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What is Deep Brain Stimulation?

Deep Brain Stimulation (DBS) is a procedure in which stimulating electrodes are placed into the deep structures of the brain. The electrodes are connected to an implanted pulse generator which is battery powered.

Selected patients with treatment resistant movement disorders such as Parkinson’s disease, tremor and dystonia can benefit from Deep Brain Stimulation (DBS).

Successful DBS allows a decrease in medication or makes a medication regimen more tolerable in these disorders. There are gains in movement and control. The intervention is used for carefully selected patients, in accordance with clinical eligibility criteria, who cannot be adequately controlled with drugs or whose drugs have severe side effects.

Screening tool for DBS suitability for TREMOR

Screening tool for DBS suitability for PD


What are the risks of DBS Surgery?

As with all types of surgery, DBS involves some degree of risk and the chance of complications.

  • There is a chance that the surgery will not benefit you as much as you would like and it is not possible to be certain before the operation how much benefit you will obtain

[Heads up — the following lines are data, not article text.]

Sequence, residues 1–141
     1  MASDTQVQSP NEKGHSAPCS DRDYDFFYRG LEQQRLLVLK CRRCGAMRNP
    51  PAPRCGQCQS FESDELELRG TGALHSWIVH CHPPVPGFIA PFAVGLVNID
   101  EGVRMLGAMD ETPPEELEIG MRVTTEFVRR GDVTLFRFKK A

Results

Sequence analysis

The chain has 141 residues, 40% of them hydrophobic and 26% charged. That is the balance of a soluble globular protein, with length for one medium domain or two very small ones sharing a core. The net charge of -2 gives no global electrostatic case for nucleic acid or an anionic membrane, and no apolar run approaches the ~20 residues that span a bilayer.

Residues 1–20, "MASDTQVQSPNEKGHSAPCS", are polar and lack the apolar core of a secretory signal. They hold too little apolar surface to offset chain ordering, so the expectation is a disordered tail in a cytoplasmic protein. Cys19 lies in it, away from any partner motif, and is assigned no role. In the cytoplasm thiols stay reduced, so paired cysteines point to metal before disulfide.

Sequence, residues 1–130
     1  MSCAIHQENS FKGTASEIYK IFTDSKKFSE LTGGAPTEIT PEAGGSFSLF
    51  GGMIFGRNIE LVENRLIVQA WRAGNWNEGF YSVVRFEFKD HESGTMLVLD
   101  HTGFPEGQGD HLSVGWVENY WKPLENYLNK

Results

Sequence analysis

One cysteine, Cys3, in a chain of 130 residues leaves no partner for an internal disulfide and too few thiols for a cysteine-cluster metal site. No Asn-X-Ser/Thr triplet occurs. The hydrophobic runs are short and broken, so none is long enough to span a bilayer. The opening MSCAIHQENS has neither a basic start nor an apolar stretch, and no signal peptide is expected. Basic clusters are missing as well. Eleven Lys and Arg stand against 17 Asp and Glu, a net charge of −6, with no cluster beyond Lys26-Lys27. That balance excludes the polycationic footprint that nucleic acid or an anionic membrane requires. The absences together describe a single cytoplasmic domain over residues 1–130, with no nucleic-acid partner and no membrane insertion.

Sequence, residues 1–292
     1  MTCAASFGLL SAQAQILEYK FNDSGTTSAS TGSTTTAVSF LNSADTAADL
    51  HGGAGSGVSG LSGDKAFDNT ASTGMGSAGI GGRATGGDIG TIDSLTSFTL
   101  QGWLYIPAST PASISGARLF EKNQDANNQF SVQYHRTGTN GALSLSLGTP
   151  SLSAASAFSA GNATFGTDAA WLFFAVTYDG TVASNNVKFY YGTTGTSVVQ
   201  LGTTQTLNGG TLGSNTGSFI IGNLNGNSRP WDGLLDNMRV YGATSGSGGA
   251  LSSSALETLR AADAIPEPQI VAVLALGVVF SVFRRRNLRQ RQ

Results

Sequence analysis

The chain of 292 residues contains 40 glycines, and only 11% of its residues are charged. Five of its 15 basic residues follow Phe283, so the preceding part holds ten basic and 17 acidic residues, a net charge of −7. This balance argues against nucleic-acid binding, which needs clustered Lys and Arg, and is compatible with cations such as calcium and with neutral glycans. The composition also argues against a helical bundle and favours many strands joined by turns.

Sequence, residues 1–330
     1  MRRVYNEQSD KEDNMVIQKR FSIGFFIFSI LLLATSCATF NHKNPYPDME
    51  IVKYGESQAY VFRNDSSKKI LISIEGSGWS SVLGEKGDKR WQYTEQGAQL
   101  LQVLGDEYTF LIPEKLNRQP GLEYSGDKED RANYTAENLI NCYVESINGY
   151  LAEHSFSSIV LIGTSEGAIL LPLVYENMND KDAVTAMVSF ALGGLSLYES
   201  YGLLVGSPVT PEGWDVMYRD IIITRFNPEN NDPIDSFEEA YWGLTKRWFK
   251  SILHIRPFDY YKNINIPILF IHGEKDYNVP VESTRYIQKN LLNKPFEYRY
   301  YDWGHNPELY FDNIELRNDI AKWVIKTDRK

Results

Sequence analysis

• The most serious complication is a 0.5% (1 in 200) chance of a bleed into the brain (stroke) from this procedure. This can result in weakness down one side of the body, speech difficulties or impairment of vision. How much a stroke affects a person is related to the position of the bleed and how severe it is.
  • There is a risk of infection in the wounds. If treatment with antibiotics does not stop the spread of infection, the whole DBS system may have to be removed.
  • It is possible that there could be movement of the electrode. If this occurs, it may need to be replaced. This would mean repeating stage 1 of the procedure.
  • There is the possibility of lead fracture (the wire breaking). This would mean repeating stage 1 of the procedure, but may also mean replacing additional parts of the DBS system.
  • There is a small risk of the surgery inducing (causing) epilepsy. This risk is less than 1% (less than 1 in 100).
  • The risk of death resulting from the operation is very small, at around 0.2% (1 in 500).